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|"Why Do You Wonder?"
I once heard the pastor of a very large church,
which had sustained growth over a number of years, tell a bunch of us
pastors how all that had happened.
And in the midst of his presentation he commented--several times, I believe--that what they did in that church was not unusual, that it was no more than any other church could do, or should do. The difference was that most churches simply did NOT do those things. (Of course, most churches don't exist in rapidly growing neighborhoods in cities like that one did, either.)
A professional writer once commented that he really believed that he had no special gift. Almost anybody with a small amount of reading and writing education could do what he did. The difference was that he wrote hundreds of words--sometimes thousands--every day, and had been doing so for years.
And in both of these cases, these fellows would probably ask folks who seemed overly impressed with these accomplishments, "What's the big deal? Why do you wonder?"
Well, this morning let's pay a visit to an event in Peter's life as recorded in the book of Acts, a HEALING event. In the third chapter, as Peter is headed for the temple, he encounters a lame man, lame from birth. And this man was reduced to begging.
It was all he could do, and all he ever expected from anybody was a coin now and then.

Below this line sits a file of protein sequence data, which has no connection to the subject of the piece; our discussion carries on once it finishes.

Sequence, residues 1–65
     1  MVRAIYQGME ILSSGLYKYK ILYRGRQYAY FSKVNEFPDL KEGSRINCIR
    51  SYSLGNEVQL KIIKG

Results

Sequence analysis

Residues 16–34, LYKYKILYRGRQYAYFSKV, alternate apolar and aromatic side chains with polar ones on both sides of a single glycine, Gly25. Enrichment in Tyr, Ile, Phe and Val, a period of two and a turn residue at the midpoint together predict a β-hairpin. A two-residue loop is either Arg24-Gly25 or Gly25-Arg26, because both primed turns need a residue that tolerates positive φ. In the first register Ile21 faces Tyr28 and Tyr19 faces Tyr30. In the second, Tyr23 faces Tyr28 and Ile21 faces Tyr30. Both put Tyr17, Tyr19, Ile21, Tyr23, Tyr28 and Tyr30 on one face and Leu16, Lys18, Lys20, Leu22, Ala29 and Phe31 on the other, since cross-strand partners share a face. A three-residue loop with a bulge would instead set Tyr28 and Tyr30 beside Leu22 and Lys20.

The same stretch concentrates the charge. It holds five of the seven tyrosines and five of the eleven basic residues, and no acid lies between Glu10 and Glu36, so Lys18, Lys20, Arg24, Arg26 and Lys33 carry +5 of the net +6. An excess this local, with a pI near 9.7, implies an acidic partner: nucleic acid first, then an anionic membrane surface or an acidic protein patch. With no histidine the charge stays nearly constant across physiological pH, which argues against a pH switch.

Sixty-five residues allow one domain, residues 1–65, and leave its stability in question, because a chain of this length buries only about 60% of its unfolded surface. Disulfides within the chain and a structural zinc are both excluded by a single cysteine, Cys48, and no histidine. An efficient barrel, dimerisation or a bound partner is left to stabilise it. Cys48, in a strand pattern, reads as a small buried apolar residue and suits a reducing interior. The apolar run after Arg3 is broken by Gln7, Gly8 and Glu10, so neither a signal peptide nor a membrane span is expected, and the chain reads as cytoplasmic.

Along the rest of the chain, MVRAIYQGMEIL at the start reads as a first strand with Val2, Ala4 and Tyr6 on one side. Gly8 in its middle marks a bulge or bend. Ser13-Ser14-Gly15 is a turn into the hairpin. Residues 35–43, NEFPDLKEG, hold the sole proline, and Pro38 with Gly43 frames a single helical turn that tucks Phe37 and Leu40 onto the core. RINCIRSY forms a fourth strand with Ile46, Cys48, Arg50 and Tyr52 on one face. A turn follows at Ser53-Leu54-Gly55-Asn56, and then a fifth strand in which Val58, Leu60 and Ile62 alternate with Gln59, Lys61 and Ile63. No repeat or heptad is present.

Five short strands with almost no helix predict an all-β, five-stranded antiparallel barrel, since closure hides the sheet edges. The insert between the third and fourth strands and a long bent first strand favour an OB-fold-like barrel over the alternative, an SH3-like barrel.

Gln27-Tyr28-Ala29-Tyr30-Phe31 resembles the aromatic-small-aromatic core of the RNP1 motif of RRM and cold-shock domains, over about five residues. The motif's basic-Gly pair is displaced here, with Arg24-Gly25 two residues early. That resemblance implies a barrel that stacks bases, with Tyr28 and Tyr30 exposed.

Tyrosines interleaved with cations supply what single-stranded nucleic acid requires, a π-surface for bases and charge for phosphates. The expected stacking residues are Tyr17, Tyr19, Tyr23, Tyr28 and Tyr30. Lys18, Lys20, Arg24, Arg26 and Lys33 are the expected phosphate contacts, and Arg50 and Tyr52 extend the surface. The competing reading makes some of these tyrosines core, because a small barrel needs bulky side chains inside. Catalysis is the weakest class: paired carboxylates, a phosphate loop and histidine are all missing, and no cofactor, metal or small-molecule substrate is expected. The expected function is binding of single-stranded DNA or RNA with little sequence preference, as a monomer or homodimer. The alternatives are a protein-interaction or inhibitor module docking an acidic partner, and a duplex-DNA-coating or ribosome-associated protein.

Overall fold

"But Peter said, "I have not silver or gold, but what I have I give you; in the name of Jesus Christ of Nazareth, stand up and walk."
And that was all it took. Soon he was jumping and walking and leaping. And the scriptures tell us that folks were filled with wonder and amazement, and utterly astonished.
But "When Peter saw it, he addressed the people, "You Israelites, why do you wonder at this, or why do you stare at us, as though by OUR own power or piety WE had made him walk?"
And what did Peter just get through saying to that lame man? Didn't he say that he had no earthly wealth to give him? And he might as well have added that he had no earthly POWER to give him! Yet, he added, "But what I HAVE I give you."
And what he HAD was not his own, nor his own to give, but "in the name of Jesus Christ of Nazareth," stand up and walk.
You know, that could apply to almost anyone's so-called gifts. We wonder and stare at others as if by their own power they have achieved something. But gifts are exactly that: gifts. They come to us through the benevolence of God.
Yet, as we take OWNERSHIP of them, too often others perceive them as ORIGINATING with us.
Well, Peter is not going to let that happen. Indeed, he is going to use this opportunity to a higher purpose. And I think that's important, because he does have two other options: One option would be to say, "Yes, I have great superhuman powers to heal."
Another option would be to say, "Hey, anybody can do this. It's no big deal." But NEITHER of those options truly attributes the POWER to its SOURCE. And indeed, when that pastor and that writer I was talking about modestly shrugged off their accomplishments, weren't they also shrugging off God-given gifts?
Well, the healing that has taken place has given Peter a golden opportunity. And he begins to preach,
"The God of Abraham, the God of Isaac, and the God of Jacob, the God of our ancestors has glorified his servant Jesus, whom you handed over and rejected in the presence of Pilate, though he had decided to release him."
And Peter is telling his audience that this is more than a human healing: this is an act of glorification of Jesus. But more than that, the person who is glorified is the same one who this very audience rejected.